oa Current Allergy & Clinical Immunology - Effects of corticosteroids on adrenal function in children with asthma : review article

Volume 27, Issue 4
  • ISSN : 1609-3607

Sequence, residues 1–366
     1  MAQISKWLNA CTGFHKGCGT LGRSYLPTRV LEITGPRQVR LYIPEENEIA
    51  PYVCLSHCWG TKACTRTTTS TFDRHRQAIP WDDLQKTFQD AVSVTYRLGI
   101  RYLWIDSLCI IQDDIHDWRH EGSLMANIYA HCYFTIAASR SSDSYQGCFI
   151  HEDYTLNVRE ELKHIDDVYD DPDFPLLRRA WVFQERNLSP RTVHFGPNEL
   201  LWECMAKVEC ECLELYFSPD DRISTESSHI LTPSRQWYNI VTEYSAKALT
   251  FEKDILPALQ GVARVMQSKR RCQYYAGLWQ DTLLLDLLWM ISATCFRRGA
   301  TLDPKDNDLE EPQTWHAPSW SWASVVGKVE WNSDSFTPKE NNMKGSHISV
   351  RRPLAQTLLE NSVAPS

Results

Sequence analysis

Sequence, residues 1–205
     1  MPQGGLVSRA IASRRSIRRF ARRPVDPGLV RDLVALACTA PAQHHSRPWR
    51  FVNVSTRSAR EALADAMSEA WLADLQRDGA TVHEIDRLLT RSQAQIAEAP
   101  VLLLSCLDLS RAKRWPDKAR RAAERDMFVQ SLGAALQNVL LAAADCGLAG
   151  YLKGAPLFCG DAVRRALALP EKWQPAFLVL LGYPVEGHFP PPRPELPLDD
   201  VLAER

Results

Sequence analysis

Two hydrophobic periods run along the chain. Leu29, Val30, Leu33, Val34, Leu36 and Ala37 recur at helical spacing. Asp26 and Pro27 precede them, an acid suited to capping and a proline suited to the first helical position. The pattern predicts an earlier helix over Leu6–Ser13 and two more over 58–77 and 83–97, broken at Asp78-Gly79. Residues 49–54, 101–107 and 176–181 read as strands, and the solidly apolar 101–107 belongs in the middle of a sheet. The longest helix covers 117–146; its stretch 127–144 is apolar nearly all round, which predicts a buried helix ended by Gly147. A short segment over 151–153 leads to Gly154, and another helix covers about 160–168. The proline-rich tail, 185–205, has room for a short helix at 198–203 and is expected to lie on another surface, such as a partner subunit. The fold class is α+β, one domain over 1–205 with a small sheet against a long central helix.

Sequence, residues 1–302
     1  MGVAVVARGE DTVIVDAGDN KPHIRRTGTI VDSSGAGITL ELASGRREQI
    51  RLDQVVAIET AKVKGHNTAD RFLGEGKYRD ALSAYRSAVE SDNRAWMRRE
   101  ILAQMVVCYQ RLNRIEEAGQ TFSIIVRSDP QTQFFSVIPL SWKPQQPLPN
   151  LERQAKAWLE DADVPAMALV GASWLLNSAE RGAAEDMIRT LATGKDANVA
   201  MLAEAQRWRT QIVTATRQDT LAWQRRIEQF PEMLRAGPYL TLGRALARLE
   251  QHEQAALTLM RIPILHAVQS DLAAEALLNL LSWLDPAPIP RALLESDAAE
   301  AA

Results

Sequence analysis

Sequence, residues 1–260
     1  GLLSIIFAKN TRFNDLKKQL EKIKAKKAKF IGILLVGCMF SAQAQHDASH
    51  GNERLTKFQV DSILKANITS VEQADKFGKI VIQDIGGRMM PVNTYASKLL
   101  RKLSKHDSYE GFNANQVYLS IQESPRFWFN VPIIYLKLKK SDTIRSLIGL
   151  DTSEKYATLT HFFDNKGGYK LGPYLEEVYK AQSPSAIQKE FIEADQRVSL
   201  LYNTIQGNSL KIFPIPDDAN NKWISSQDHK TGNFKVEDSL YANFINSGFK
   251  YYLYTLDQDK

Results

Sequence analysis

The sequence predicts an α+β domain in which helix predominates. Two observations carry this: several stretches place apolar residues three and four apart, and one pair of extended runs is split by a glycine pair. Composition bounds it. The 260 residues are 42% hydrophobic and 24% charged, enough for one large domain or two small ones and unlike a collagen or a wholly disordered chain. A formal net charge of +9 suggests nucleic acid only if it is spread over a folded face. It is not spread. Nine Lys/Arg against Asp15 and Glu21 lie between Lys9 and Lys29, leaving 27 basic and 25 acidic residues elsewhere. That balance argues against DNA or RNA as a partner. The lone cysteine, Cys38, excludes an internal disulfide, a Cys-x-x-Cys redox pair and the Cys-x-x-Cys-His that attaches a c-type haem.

Undoubtedly Inhaled Corticosteroids (ICS) and, to a lesser extent, nasal steroids (NS) have revolutionised therapy and improved quality of life in a cost-effective way for every asthma patient. Prior to 1972, only oral corticosteroids (OCS), usually prednisone, were used to treat asthma whenever non-steroid therapy was ineffective. Prednisone, however, is four times as potent as hydrocortisone (HC) or its natural equivalent, cortisol (C) and therefore potentially more likely to suppress the hypothalamic-pituitaryadrenal axis (HPA). This was proven in a small study of 11 asthmatic children, who were given prednisone at 2 mg/kg/day in three divided doses for 5 days. Three days after the course was completed an insulin tolerance test (ITT) was performed which showed that all, but two, failed to have an adequate C response. Ten days after termination of therapy the axis had recovered in all patients. In spite of its limitations, this study demonstrated how easily the HPA can be suppressed by supra-physiological doses of OCS within a relatively short time. Given a lapse of OCS therapy with an additional exposure to stress, such as infection or trauma, adrenal crisis may thus be a distinct possibility.

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